Interviewer: What are the different kinds of drugs that you are seeing DUI cases with?
Michael Munoz: It’s possible to get a drug DUI with any type of illegal drugs and it is also possible to get a charge of drug DUI even if you have a prescription for that drug. The most common drugs that I see for DUIs are, DUIs that involve a person who has marijuana in their system, and DUIs that involve prescription drugs and that can be a wide range of things from pain killers to Ambien to anti-anxiety medications. Those are the types of DUIs that I most commonly see.
Typical Scenario of a Drug Related DUI After a Traffic Stop
Interviewer: When we’re talking about illegal drugs, what typically happens, what’s the scenario that happens when a police officer stops someone?
Michael Munoz: They can, an officer can stop someone, usually, legally it is supposed to be based on a traffic stop or something that they notice that is suspicious and if they make the stop and they contact the driver, the officer is trained to be hyper observant, to use all his senses in terms of whether he smells anything, he looks at the drivers eyes to see if their blood-shot or watery, he tries to smell if there is an odor coming from the vehicle, especially from the driver themselves and so he’s also paying attention to the drivers mannerisms, whether or not they seem nervous, they’ll always ask for license and registration. Officers look to see whether or not someone can get and find their license and registration in a timely manner, how they are doing it, their coordination. So an officer is going to start off every investigation in that matter.
Police Officers Will Look For the Smell Of Marijuana if they Suspect Drug Abuse
Interviewer: What are the first indications that a police officer will look for when they stop someone for marijuana for instance?
Michael Munoz: When they are approaching the car, like I said, they are going to look for the smell of marijuana, when they approach the person, they are going to look at the driver, they are going to look at how the driver is acting, they are going to look at their eyes to see if they are bloodshot, odor, they are going to ask the driver if they had done any drugs or had any alcohol to drink, that’s what the officer is looking for.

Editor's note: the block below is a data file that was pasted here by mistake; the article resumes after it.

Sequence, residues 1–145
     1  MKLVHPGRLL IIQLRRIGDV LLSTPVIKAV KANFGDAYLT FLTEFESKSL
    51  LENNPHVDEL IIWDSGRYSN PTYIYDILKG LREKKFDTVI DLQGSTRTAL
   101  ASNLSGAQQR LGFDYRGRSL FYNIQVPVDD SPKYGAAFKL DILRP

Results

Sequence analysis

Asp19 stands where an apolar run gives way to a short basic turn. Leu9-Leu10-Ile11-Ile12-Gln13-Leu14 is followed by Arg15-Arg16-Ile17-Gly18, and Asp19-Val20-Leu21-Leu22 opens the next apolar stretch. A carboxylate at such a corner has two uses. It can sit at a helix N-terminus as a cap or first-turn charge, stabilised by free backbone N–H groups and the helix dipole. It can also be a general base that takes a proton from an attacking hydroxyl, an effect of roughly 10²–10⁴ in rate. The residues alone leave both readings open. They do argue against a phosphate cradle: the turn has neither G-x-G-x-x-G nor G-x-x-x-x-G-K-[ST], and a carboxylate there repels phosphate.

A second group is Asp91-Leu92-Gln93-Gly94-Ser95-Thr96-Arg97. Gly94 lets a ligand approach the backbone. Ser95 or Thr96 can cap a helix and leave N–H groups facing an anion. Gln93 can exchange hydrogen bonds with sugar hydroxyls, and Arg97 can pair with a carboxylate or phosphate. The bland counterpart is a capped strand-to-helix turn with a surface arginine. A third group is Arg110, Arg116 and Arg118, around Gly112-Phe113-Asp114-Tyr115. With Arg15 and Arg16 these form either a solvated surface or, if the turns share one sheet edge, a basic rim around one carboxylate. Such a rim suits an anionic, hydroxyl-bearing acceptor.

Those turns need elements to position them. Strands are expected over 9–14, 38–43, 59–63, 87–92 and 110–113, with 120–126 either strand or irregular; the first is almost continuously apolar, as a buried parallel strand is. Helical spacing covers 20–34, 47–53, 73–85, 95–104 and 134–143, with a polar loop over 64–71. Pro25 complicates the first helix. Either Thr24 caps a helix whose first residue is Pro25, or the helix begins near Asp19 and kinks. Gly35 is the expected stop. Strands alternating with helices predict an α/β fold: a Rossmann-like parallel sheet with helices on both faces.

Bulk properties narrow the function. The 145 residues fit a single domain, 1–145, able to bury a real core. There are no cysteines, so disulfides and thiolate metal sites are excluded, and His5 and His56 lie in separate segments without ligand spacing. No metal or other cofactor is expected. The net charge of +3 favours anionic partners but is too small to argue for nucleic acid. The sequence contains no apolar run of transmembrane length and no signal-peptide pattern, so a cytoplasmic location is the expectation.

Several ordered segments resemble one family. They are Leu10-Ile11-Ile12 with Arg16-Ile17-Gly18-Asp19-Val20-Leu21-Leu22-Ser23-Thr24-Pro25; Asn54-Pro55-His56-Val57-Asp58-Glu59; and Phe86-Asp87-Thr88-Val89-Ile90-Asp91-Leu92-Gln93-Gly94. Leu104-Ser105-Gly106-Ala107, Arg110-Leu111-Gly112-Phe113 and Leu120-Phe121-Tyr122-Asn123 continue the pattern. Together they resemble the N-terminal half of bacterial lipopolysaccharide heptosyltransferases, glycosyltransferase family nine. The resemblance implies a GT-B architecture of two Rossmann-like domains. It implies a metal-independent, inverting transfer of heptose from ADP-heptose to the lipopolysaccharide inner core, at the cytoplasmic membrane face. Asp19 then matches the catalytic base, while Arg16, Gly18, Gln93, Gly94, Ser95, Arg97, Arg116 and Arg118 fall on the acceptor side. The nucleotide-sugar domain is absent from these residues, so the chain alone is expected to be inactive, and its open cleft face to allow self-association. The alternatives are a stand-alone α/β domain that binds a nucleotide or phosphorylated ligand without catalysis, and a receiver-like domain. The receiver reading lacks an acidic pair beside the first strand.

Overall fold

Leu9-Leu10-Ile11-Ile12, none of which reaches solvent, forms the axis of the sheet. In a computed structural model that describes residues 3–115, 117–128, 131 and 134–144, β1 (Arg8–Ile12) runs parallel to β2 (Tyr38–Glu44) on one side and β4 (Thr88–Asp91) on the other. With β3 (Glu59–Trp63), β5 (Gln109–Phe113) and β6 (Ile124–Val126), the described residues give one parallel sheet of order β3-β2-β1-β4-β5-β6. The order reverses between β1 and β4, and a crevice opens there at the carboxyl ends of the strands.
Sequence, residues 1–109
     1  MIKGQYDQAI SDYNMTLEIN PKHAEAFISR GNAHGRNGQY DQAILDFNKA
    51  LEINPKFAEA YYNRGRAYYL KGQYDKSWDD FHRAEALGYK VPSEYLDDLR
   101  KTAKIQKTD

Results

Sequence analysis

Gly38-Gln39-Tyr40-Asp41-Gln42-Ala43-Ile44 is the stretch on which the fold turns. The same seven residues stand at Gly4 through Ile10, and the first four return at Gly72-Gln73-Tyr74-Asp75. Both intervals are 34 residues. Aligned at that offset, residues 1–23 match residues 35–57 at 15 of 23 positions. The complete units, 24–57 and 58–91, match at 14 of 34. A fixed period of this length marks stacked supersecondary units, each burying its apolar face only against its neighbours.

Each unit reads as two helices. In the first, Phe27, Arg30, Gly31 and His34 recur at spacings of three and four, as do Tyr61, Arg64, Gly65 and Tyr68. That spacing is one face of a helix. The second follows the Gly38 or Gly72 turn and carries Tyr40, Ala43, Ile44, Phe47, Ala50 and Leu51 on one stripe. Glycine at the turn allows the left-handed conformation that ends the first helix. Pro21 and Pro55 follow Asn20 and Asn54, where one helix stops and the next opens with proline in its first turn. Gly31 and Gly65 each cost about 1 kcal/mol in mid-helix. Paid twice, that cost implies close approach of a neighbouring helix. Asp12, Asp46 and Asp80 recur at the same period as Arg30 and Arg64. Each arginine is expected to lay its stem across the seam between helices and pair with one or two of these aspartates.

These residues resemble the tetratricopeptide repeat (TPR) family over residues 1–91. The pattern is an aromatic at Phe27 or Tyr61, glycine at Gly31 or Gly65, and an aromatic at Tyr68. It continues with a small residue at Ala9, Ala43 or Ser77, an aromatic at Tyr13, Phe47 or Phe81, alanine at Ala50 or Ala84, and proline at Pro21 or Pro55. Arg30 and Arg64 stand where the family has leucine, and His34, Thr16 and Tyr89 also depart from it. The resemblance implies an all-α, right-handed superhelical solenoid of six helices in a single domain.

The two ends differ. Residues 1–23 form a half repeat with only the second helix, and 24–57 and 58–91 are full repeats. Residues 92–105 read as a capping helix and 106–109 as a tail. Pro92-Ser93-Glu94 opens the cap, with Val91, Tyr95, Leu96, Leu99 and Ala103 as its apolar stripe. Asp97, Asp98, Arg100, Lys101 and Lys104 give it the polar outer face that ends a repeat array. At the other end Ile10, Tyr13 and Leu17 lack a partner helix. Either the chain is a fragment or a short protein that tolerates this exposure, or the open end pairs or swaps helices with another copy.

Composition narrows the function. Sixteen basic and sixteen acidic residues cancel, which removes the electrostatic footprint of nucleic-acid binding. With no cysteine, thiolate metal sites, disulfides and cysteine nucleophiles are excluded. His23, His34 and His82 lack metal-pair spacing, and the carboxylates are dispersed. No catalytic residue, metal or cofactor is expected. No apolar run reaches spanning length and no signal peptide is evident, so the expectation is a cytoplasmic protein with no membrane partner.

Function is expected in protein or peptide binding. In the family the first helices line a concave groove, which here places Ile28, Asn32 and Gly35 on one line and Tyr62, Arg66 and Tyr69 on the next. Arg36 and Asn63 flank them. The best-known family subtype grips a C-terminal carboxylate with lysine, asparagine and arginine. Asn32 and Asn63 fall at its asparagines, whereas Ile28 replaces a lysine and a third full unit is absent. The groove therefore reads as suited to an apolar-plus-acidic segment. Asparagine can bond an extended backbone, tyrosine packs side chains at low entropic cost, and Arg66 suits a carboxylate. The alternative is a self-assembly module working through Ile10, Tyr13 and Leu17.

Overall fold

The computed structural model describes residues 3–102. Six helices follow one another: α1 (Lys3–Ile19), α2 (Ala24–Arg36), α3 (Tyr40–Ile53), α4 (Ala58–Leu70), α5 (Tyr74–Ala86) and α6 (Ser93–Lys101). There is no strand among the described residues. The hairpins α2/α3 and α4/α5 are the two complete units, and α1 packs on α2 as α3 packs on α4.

Once a Police Officer Suspects a DUI He Will Administer the Field Sobriety Tests
Interviewer: Do they then perform a roadside field sobriety test, like they do with alcohol?
Michael Munoz: Once an officer decides that he wants to initiate a DUI investigation, he usually will ask or order a person to do field sobriety tests. Those field sobriety tests are really meant to test impairment, which is called divided attention. They are more effective for people who have been drinking alcohol. There are more specific types of tests they can use to see if someone is under the influence of a drug that’s not alcohol, that’s called a DRE examination, a Drug Recognition Examination. To conduct those examinations, the officer has to have special training, they also must have gone through what’s called the DRE School, that is more intensive.
Field Sobriety tests Are Considered to be More Effective For People Drinking Alcohol
Those types of tests, the officer will usually take the person back to the station, they’ll test their blood pressure, their pulse rate, they will look at their muscle rigidity, if their muscles are rigid or not, they’ll do multiple different eye tests, they’ll look for convergence, or lack of convergence, they’ll do HGN tests, they’ll do a multiple battery of tests, they’ll also on a DRE test, they will also put the person in a dark room, they will have them look at a series of lights and then they will test whether or not their pupils dilate or not. Those are all part of the Drug Recognition Examination. The standard field sobriety tests, the ones done on scene, the standardized ones are the walk and turn, the one leg stand, Horizontal Gaze Nystagmus, also known as HGN. Those are some of the standardized ones that you will see.